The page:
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Mr. FORTENBERRY. First, let me thank the gentleman from New Jersey for conducting this very, very important discussion.
Madam Speaker, over the past several years, I have received scores of letters from my constituents that reflect widespread national confusion about stem cell research. Let me take a few moments to cut through the fog on this important issue.
There are two types of stem cell research often
confused in our public debate. The first, which I wholeheartedly and enthusiastically support, is the type of stem cell research which uses cells derived from sources such as cord blood, skin, and bone marrow, commonly known as adult stem cell research. This is good science, helping to save American lives and providing real treatment options now.
The American people deserve to know that adult stem cell science is progressing at a staggering pace, showcasing over 70 successful clinical treatment models for conditions ranging from heart disease to Parkinson's disease, spinal cord injury, sickle cell anemia, stroke damage, leukemia, chronic liver disease, and many, many more. The empirical evidence is sound, and it really is eye opening, giving hope to those who suffer from these debilitating conditions.
Madam Speaker, the American people also deserve to know that there is a clear distinction between adult stem cell science and embryonic stem cell science. Between hope and promise for cures on the one hand and misleading, misguided efforts to funnel their tax dollars to bail out research companies, research enterprises, that thrive on the destruction of nascent human beings, embryos, who are no less human than Members of this august legislative body.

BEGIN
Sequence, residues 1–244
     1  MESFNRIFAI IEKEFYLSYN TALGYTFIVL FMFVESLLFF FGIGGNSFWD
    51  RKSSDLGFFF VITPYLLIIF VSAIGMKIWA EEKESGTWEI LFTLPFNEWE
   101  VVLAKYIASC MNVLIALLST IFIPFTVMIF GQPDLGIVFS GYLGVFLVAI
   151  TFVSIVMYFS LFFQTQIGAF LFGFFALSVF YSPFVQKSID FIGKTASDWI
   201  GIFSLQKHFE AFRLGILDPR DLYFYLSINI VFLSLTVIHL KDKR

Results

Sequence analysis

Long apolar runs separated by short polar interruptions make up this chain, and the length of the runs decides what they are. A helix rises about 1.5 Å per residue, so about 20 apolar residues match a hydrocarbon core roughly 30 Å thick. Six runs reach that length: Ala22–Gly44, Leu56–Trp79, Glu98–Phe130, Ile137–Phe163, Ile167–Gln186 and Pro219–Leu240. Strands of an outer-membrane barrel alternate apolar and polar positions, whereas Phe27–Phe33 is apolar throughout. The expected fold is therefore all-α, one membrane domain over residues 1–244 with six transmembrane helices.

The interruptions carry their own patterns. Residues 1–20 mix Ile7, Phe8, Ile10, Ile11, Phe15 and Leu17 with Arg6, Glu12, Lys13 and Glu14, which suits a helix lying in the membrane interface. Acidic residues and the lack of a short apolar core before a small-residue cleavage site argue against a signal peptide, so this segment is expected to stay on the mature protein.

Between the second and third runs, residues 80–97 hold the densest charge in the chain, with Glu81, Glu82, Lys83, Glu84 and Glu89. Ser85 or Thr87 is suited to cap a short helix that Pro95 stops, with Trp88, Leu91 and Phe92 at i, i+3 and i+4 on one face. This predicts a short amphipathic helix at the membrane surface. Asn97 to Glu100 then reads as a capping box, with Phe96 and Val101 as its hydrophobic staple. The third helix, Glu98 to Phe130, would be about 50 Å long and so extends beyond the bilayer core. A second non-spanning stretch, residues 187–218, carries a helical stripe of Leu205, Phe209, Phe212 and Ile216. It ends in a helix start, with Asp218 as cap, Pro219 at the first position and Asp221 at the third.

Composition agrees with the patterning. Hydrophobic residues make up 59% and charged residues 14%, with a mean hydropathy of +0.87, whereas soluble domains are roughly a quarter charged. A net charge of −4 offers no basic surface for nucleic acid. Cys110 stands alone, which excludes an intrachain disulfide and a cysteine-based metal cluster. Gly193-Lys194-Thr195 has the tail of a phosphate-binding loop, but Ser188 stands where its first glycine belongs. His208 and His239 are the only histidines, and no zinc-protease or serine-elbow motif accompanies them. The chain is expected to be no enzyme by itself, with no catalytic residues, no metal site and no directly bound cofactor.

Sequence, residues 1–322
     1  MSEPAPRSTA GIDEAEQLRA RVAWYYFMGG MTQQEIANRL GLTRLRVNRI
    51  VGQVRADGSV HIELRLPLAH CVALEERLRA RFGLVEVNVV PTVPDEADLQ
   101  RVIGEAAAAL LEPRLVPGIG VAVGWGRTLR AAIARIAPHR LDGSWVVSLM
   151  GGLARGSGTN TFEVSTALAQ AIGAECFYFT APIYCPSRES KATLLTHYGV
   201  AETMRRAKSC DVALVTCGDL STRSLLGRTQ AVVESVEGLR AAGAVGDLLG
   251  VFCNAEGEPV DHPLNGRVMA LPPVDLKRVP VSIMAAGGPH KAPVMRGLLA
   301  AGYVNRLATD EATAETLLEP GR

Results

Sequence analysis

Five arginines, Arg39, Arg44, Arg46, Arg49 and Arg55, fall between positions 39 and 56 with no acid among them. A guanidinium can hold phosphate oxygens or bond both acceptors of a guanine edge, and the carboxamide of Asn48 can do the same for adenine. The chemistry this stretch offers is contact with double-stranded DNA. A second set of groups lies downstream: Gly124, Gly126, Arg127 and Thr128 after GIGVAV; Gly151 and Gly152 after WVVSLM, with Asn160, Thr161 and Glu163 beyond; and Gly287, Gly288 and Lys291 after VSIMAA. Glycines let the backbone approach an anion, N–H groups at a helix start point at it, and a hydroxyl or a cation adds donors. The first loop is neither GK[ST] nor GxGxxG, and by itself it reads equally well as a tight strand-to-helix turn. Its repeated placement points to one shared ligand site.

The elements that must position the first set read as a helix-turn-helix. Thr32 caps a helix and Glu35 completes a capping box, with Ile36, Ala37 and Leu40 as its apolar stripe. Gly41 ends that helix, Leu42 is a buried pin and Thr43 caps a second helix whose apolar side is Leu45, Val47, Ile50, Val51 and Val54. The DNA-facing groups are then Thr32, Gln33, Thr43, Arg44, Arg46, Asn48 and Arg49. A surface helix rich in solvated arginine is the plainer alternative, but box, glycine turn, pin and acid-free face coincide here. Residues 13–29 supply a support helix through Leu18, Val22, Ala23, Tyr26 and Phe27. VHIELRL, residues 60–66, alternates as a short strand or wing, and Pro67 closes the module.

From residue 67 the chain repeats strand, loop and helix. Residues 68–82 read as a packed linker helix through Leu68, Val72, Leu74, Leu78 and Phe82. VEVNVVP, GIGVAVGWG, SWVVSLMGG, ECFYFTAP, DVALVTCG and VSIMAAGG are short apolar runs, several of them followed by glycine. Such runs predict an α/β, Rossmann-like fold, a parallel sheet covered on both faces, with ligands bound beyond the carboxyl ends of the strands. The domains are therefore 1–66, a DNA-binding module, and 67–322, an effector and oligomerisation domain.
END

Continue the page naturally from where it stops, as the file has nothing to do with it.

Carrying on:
Widely touted and vigorously promoted nationwide as a potential cure for many of the same conditions that adult stem cell research may treat, embryonic stem cell research requires the destruction of unborn human persons to derive stem cells for research. We know that embryonic human life is still human life. The marvels of modern science leave no room for confusion on this important point. Moreover, embryonic stem cell research has shown no clinical success to date. It represents a degradation of human life that is wrong. Science that harms human beings, no matter how small they are, no matter how vulnerable they are or easily disposable they are, is always wrong.
With so many proven ethical alternatives, embryonic stem cell research presents an unnecessary moral dilemma for persons of goodwill. It siphons limited Federal funds away from adult stem cell research that is now saving lives. And American taxpayers, who have recently been asked to shoulder an unprecedented deficit that will burden generations to come, should not be forced to pay for it. Adult stem cell research works, saves lives, and avoids the ethically divisive issue of the destruction of innocent and unborn human life.
So, again, with that I want to thank the gentleman from New Jersey for conducting this important dialogue.
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